Wuhan has been a major port on the Yangtze River for over 3000 years and has the layers of history which that suggests, from excavations of ancient tombs right through to the site of the 1911 Wuchang Uprising which sparked the nationwide Xinhai Revolution resulting in the overthrow of the Qing Dynasty and the formation of the Republic of China.
We only spent a couple of days in the city, and we were pretty worn out from walking for miles around the sights of Nanjing so one of those days was spent recuperating and making the most of a stable and moderately fast internet connection to catch up with some blogging and photo backups. On our second day though we ventured out to see what the city had to offer.
Our first stop was the Yellow Crane Tower, probably the most famous landmark in Wuhan. There has been a Yellow Crane Tower in Wuhan since 223AD although the current structure dates only from 1981. There is an exhibit on each of the five floors of the tower, one of which had models of five of the historic towers.
As we climbed, we found ourselves taking photos of the same view in each direction at progressively higher heights and enjoyed getting a closer look at the bright mustard yellow tiles. We could see construction work in the distance (a common sight in China), grass growing on apartment block rooftops below and several bridges spanning the huge Yangtze River.
After descending the stairs we wandered through the rest of the park, there is a huge ‘lucky’ bell which for a charge you could toll, a statue of Yue Fei who was a 12th century local military hero and a lovely garden with lawns which to me looked almost English until Andrew pointed out the numerous bonsai trees…
City buses in China generally have no English signage though they are frequently the best way of getting from one sight to another. Fortunately we’d done some research on bus numbers and written down our stop names in Chinese so were able to navigate the system to our next destination, the Hubei Provincial Museum.
This huge and very modern museum displays mostly archaeological exhibits especially from this region of southern China. The highlight, and where we focussed our attention, was the exhibit on the Tomb of Marquis Yi of Zeng which was excavated in 1978. It is the tomb of a feudal king buried 2400 years ago and incredibly, academics were able to date it by calculating when the observation of a chart of constellations decorating the lid of a trunk was made!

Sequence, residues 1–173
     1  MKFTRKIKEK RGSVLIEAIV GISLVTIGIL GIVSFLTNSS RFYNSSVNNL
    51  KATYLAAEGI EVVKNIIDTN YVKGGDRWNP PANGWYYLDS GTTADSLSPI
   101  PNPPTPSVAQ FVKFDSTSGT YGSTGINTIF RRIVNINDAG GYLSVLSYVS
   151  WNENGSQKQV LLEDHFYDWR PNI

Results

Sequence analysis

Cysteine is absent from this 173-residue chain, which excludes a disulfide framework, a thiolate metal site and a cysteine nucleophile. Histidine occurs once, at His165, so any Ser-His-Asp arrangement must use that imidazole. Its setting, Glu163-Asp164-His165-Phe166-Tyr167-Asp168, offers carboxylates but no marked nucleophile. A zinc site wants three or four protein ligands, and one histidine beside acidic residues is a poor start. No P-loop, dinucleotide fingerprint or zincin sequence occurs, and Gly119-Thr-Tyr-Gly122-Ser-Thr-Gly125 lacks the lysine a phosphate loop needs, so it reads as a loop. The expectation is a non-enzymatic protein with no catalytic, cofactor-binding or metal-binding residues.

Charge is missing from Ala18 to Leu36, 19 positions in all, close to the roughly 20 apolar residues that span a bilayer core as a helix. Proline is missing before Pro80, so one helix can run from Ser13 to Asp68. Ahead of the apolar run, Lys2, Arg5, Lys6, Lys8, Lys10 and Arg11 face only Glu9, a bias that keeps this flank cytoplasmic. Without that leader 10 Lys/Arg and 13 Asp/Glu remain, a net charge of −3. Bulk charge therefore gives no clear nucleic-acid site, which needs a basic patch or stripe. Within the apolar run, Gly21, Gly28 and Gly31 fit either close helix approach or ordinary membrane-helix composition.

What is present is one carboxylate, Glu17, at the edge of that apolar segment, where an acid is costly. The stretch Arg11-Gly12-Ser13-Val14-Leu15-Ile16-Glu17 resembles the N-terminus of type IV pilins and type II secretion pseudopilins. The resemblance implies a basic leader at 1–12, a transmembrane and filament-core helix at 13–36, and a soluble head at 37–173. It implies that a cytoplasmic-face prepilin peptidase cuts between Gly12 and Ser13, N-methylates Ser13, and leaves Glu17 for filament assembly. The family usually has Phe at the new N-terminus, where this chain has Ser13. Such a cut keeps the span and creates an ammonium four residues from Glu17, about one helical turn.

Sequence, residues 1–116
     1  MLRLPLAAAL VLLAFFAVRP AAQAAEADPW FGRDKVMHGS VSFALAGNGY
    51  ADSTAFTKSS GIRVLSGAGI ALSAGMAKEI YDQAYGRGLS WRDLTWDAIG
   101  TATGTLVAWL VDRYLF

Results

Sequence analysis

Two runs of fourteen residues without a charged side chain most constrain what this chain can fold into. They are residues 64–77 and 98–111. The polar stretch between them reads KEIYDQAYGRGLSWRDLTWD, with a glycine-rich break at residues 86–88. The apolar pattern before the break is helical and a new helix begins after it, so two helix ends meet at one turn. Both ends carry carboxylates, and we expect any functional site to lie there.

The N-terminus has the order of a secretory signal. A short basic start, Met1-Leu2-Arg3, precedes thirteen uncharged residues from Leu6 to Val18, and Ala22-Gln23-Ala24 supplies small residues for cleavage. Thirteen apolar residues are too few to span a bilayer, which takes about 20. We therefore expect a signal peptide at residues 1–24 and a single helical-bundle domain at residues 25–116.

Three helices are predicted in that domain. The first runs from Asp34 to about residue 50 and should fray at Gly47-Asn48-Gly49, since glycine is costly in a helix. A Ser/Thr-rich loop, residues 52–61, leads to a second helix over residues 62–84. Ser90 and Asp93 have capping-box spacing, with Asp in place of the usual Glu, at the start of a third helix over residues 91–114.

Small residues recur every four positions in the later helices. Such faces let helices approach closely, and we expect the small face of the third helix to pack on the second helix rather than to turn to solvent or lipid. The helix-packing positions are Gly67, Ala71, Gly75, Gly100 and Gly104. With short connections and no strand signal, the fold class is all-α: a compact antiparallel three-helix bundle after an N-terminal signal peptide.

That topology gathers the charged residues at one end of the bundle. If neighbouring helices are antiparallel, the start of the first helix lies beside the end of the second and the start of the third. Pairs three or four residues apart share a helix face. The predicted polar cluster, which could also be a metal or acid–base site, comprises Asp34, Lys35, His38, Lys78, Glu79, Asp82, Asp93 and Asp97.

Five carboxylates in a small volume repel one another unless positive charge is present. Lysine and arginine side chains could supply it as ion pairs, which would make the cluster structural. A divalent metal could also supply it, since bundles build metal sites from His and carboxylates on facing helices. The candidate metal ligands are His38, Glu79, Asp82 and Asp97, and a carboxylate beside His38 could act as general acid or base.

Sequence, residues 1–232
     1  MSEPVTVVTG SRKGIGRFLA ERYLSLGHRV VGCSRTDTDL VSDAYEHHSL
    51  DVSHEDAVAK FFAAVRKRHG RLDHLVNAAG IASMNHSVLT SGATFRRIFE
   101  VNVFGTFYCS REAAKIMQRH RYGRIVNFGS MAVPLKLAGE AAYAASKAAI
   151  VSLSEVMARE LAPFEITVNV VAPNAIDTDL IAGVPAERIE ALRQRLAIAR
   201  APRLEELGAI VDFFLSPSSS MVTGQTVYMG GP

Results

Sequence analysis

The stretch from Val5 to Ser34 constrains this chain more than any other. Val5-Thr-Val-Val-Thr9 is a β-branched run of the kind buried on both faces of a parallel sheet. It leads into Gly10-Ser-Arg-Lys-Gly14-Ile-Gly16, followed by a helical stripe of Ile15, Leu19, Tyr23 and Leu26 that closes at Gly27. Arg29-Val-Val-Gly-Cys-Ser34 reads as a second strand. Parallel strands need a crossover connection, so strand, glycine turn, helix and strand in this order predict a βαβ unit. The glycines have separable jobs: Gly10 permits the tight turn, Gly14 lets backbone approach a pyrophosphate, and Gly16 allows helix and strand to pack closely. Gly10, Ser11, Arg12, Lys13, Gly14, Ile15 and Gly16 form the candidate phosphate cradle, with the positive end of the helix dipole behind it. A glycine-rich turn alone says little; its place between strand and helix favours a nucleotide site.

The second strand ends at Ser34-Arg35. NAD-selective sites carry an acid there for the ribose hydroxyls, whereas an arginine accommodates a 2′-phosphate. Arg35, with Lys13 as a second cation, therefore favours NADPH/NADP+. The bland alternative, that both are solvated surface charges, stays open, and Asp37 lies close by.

Particularly noteworthy are the musical instruments, 125 pieces in total including drums, stringed instruments, panpipes and stone chimes as well as the centrepiece, the heaviest musical instrument in the world, a set of 64 bells weighing in at a massive 5000kg. According to the explanatory notice
Each bell is able to produce two tones. The whole set covers a range of five and a half octaves with twelve pitches and change of keys.
which sounds pretty impressive to me with my limited musical knowledge…
The highlight of the afternoon was attending one of the 20 minute performances of replicas of the instruments in the small on-site concert hall. Very professionally done and thoroughly enjoyable we wished it had been longer.
One of the pieces that we are sure we recognise but thus far have been unable to dredge the name of from our memories is this – if anyone can put us out of our misery we’d be very grateful!
[update: with many thanks to Clare who emailed to let us know that it’s Beethoven’s Ode to Joy]